hexamid solo plus with cuben bathtub floor
EE 30* quilt with overstuff
Exped short downmat UL7

Caldera Cone with starlyte stove
900mL evernew short/wide pot
Ti spork
FBC cozy
Mini bic x2
Half bandana
(All this stuff fits in the pot)

Water bottle for alcohol

Bearikade weekender

Sawyer squeeze - will bring the back-flush syringe
Gatorade/smart water bottle
1.5L evernew bladder for dirty

Bandana (second one)
Toothbrush/paste
Handi wipes, dried out
Sunscreen
Lip balm
DEET
Headnet
First aid kit: hydrocolloid dressings (for blisters, burns, scrapes...great stuff), band aids, antibiotic ointment (repackaged), gauze, antihistamines, aleve)

Zebralight H51 headlamp
Gerber folding knife (0.7 oz)
Nook
Nikon P7000 camera
(Friend has black's atlas...I have harrisons maps; we'll decide which to take)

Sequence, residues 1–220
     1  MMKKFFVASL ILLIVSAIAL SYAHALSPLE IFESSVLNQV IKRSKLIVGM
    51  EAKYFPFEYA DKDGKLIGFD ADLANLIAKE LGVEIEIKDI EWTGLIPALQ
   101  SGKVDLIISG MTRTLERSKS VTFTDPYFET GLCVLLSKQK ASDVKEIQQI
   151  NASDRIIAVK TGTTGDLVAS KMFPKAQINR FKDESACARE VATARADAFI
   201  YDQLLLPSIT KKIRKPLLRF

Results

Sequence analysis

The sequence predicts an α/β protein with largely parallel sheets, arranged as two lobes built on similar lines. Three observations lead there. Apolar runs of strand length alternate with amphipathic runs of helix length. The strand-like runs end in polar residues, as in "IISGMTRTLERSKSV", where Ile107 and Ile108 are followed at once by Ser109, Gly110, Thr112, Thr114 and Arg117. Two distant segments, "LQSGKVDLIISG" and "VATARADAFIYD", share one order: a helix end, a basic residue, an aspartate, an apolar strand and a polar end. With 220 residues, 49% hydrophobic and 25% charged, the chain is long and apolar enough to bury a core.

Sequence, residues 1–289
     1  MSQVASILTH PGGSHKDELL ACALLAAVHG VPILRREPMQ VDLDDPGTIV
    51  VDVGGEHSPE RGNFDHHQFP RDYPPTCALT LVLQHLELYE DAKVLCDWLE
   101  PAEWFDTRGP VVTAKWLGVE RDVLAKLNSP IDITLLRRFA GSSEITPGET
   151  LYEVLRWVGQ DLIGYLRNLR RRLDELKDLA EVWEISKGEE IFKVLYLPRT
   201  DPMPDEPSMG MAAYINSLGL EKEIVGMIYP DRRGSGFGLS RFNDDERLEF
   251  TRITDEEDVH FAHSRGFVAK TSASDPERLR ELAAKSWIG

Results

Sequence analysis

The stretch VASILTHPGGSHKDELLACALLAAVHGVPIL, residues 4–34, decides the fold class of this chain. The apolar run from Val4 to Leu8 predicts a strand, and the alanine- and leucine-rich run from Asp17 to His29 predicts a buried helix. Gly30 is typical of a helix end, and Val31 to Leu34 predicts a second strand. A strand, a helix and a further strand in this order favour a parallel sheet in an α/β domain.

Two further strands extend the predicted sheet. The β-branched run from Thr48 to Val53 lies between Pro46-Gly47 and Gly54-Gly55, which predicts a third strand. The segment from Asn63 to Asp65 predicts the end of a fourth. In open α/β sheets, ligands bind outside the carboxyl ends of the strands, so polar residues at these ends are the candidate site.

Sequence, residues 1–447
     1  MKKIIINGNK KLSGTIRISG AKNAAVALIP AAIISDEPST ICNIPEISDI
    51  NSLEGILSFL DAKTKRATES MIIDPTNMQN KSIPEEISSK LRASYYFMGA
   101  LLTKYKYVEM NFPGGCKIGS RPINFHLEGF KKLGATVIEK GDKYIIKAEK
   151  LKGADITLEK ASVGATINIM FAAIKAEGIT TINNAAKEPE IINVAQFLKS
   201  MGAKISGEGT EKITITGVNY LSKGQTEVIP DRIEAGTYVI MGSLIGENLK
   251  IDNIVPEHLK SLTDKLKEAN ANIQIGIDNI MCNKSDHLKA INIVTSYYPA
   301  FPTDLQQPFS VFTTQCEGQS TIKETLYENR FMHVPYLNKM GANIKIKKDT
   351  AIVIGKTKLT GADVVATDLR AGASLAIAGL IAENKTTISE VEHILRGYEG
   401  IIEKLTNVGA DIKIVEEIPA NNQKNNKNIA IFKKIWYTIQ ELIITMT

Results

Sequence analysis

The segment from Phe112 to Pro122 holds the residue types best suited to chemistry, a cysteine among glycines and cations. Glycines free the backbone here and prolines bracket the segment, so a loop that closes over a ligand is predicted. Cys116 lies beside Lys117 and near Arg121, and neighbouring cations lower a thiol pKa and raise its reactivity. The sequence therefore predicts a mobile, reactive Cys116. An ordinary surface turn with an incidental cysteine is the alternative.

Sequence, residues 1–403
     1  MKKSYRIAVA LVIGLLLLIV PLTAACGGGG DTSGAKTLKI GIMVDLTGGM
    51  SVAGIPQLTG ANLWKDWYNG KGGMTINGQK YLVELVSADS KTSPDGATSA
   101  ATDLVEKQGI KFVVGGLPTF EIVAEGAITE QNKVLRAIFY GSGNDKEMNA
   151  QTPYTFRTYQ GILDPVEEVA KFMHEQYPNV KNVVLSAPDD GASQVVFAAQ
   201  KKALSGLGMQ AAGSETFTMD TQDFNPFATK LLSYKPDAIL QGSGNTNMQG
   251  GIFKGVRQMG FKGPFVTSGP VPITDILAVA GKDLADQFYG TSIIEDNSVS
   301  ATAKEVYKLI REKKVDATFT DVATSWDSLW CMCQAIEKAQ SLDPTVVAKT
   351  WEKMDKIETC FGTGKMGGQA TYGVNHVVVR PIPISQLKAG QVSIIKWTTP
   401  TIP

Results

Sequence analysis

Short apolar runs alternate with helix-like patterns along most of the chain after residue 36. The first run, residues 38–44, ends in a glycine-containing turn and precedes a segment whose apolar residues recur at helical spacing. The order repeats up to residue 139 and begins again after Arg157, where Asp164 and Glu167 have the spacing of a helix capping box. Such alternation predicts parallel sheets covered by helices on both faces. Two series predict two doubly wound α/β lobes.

(Friend has a SPOT)

Clothes carried:
Montbell alpine light down parka (full zip, hood)
Houdini
Capilene 2 tights (sleeping, insulation)
Merino 1 long sleeve
Black rock gear hat
Smart wool glove liners
Haglofs Endo II pullover
Wind pants (montane feather lite. Thanks Anna!!)
One extra pair underwear
One pair extra socks

Worn:
Salomon XA 3D ultra 2 (is this the dumbest shoe name ever?)
Mountain Hardware convertible pants
Merino 1 long sleeve
White Rock sun hat
Darn tough shortie socks
Oakley sunglasses
Bra/underpants TBD
Black diamond trekking poles (don't know what model)

I'd really rather not have to buy another pack (of course, who doesn't love a good reason to buy new gear?!) but I will if I need to. I'm going to try carrying this exact set up on some weekend hikes around here over the next month, see how it carries.

Should I switch to aqua Mira?